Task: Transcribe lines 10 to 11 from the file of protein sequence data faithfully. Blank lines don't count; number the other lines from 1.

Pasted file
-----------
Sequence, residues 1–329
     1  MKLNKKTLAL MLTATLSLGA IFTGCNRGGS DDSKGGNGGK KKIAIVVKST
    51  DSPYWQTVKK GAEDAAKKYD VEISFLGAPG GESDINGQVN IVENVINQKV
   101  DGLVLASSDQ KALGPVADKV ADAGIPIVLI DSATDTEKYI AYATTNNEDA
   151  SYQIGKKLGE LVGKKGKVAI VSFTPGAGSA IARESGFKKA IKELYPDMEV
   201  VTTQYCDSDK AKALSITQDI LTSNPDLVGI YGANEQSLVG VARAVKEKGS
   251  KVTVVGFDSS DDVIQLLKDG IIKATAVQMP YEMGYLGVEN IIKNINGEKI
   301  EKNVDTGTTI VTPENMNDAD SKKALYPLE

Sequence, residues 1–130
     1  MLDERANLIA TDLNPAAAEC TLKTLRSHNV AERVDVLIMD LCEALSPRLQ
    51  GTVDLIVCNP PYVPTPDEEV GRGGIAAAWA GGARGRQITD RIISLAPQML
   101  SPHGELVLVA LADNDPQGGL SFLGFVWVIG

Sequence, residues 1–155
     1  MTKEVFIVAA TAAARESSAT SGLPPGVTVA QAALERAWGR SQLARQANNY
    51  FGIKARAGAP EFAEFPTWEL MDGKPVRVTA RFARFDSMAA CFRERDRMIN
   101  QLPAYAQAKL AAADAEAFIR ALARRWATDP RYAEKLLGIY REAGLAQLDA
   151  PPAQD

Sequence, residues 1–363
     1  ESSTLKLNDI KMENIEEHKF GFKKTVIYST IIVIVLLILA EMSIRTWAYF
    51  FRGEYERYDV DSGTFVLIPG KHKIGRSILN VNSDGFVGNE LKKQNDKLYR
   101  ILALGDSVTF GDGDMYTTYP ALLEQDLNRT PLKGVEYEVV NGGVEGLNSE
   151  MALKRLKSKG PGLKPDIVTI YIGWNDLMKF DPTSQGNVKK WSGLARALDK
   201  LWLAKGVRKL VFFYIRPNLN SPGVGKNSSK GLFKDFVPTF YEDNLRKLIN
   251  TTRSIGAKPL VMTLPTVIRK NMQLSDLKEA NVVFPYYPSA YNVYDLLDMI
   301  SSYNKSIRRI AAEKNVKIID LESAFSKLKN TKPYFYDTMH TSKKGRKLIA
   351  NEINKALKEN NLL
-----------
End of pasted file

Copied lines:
     1  MLDERANLIA TDLNPAAAEC TLKTLRSHNV AERVDVLIMD LCEALSPRLQ
    51  GTVDLIVCNP PYVPTPDEEV GRGGIAAAWA GGARGRQITD RIISLAPQML